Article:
The Supreme Court ruled Monday that North Carolina illegally packed black voters into two voting districts.
In a 5-3 ruling, the justices affirmed the decision of a lower court. That ruling said North Carolina officials used race as the predominant factor in drawing district lines without a compelling reason when they created two districts — the 1st District and the 12th District — with majority-black voting-age populations.
Both of those districts are represented by Democrats; Rep. G.K. ButterfieldGeorge (G.K.) Kenneth ButterfieldProgressives cheer, moderates groan as Biden visit caps chaotic week Biden visits Capitol with agenda in the balance WHIP LIST: How House Democrats, Republicans say they'll vote on infrastructure bill MORE represents the 1st District, while Rep. Alma Adams represents the 12th District.
“Although States enjoy leeway to take race-based actions reasonably judged necessary under a proper interpretation of the Voting Rights Act, that latitude cannot rescue District 1," Justice Elena Kagan said in delivering the opinion of the court.
“We by no means ‘insist that a state legislature, when redistricting, determine precisely what percent minority population demands.’ But neither will we approve a racial gerrymander whose necessity is supported by no evidence and whose raison d’être is a legal mistake.”
As for the 12th District, the court said the evidence offered at trial, including live witness testimony, adequately supports the conclusion that race, not politics, accounted for the district’s reconfiguration.
In a rare move, Justice Clarence Thomas, a member of the court's conservative wing, sided with Kagan and the court’s more liberal members — Justices Ruth Bader Ginsburg, Stephen Breyer and Sonia Sotomayor.
The ruling Monday will not impact North Carolina’s congressional districts as currently drawn. After a federal circuit court overturned the state lines in 2016, the Republican-controlled state legislature redrew the lines of the districts held by Butterfield and Adams, condensing both geographically while preserving the state’s 10 Republicans and three Democrats in its congressional delegation.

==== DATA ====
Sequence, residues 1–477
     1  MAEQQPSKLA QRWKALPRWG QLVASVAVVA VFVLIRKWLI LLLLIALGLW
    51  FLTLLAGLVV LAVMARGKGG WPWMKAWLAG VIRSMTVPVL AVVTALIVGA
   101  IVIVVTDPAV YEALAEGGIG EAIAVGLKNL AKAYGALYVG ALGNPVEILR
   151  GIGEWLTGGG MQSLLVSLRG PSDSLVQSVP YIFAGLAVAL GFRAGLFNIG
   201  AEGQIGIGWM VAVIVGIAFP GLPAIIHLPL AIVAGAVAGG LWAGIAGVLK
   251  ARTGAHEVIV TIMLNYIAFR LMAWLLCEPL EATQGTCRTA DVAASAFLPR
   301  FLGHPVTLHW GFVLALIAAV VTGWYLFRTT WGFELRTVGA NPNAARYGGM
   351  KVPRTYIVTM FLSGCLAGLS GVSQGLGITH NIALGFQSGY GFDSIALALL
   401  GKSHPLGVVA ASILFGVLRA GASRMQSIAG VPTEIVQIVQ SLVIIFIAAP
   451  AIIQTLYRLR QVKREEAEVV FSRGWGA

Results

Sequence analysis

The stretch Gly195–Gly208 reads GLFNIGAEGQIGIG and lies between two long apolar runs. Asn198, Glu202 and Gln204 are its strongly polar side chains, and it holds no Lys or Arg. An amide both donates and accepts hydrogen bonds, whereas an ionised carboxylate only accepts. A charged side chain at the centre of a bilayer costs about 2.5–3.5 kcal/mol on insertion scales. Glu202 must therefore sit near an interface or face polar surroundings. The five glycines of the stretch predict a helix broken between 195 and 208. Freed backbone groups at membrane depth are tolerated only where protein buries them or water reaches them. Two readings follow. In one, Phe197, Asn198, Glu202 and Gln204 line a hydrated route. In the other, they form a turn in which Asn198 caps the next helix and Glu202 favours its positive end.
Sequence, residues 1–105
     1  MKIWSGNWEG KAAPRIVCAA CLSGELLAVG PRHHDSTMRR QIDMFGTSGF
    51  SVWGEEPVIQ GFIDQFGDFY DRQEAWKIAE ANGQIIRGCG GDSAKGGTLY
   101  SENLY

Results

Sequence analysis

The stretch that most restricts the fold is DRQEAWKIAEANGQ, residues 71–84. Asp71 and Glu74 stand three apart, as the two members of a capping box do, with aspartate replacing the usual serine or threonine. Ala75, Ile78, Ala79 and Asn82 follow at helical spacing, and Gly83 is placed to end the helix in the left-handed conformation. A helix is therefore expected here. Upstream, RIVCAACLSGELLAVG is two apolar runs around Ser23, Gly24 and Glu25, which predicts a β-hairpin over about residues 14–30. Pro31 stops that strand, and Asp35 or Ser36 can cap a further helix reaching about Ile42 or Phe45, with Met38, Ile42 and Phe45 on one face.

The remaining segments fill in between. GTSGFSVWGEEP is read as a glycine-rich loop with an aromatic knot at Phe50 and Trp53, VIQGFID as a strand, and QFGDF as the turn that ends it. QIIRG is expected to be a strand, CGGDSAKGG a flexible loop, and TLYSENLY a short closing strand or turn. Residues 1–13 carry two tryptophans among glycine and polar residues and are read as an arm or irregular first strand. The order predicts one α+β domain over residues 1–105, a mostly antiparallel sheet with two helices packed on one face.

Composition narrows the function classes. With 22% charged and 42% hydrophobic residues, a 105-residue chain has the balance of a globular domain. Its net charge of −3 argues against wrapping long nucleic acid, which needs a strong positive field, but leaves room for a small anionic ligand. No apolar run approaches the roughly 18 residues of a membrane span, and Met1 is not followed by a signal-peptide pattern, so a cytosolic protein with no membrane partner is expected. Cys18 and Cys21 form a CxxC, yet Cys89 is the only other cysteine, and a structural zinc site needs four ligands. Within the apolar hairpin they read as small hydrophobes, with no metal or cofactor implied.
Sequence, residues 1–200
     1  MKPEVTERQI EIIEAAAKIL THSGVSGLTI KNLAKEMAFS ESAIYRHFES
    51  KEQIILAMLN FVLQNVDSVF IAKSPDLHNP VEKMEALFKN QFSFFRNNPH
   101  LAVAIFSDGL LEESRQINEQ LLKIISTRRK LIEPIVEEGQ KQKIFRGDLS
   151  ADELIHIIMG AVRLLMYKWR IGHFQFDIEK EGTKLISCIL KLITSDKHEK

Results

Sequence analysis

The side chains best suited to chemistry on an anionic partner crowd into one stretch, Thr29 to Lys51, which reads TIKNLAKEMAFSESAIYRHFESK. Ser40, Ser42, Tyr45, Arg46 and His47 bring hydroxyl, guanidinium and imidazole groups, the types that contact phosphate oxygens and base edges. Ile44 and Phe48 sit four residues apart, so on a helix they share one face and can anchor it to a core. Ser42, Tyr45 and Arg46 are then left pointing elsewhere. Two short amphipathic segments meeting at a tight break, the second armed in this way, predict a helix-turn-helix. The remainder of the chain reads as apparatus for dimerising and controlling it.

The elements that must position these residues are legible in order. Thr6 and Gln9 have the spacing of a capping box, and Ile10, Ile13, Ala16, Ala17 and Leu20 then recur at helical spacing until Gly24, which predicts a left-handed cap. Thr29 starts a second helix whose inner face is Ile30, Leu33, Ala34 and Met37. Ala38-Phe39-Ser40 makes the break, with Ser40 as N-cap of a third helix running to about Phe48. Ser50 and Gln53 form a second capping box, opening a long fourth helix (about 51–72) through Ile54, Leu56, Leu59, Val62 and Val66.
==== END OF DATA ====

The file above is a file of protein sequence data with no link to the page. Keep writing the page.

The new map condenses Butterfield’s district around Durham County and Adams’s district around Charlotte’s Mecklenburg County. Rep. David Price’s (D) district also consolidated around Wake and Durham counties. Much of Adams’s district, which used to snake north from Charlotte into Winston-Salem, is now divided between Reps. George Holding (R), Mark Walker (R) and Patrick McHenry (R).
North Carolina was appealing the District Court for the Middle District of North Carolina's decision to side with David Harris, a voter from the state's 1st Congressional District, who brought the case forward with Christine Bowser and Samuel Love, two voters who reside in the state's 2nd Congressional District.
In a dissenting opinion, Justice Samuel Alito said said the court ignored past precedent in finding that race was the motivating factor in drawing District 12.
In a similar case in 2001 challenging the constitutionality of District 12, the challenger lost because they failed to provide an alternative map that served the legislature’s political objective without producing the same racial effect. Because Harris also failed to produce an alternative map, Alito said he should have lost this case.
“A precedent of this Court should not be treated like a disposable household item—say, a paper plate or napkin— to be used once and then tossed in the trash,” Alito wrote. “But that is what the Court does today in its decision regarding North Carolina’s 12th Congressional District: The Court junks a rule adopted in a prior, remarkably similar challenge to this very same congressional district.”
Justice Neil Gorsuch took no part in considering or deciding the case.
— Updated at 11:16 a.m. Reid Wilson contributed.